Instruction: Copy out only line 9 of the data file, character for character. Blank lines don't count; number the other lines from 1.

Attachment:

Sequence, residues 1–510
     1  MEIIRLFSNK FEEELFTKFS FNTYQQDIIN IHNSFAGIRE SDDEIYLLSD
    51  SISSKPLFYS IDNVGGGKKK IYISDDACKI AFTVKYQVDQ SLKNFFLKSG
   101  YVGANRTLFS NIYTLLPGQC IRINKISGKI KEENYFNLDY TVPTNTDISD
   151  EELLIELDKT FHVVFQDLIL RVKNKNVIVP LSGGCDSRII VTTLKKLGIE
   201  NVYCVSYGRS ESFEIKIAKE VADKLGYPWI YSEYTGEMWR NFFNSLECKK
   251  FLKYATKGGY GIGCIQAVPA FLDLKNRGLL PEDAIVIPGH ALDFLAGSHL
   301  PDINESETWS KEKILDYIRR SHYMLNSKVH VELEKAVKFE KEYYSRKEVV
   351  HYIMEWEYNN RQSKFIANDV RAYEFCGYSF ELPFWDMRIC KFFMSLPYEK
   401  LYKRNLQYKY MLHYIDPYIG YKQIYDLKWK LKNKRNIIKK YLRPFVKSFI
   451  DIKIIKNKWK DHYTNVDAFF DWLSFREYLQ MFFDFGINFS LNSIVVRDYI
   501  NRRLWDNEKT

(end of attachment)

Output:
   351  HYIMEWEYNN RQSKFIANDV RAYEFCGYSF ELPFWDMRIC KFFMSLPYEK